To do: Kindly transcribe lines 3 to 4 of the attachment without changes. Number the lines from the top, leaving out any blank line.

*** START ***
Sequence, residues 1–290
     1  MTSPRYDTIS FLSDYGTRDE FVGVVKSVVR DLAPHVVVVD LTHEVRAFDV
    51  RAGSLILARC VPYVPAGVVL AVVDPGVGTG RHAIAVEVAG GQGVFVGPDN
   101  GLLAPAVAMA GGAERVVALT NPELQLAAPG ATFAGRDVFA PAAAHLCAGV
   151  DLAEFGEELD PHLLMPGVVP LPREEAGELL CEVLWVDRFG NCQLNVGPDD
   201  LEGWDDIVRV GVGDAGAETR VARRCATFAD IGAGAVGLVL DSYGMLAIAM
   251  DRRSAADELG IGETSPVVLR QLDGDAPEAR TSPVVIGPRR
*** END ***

    51  RAGSLILARC VPYVPAGVVL AVVDPGVGTG RHAIAVEVAG GQGVFVGPDN
   101  GLLAPAVAMA GGAERVVALT NPELQLAAPG ATFAGRDVFA PAAAHLCAGV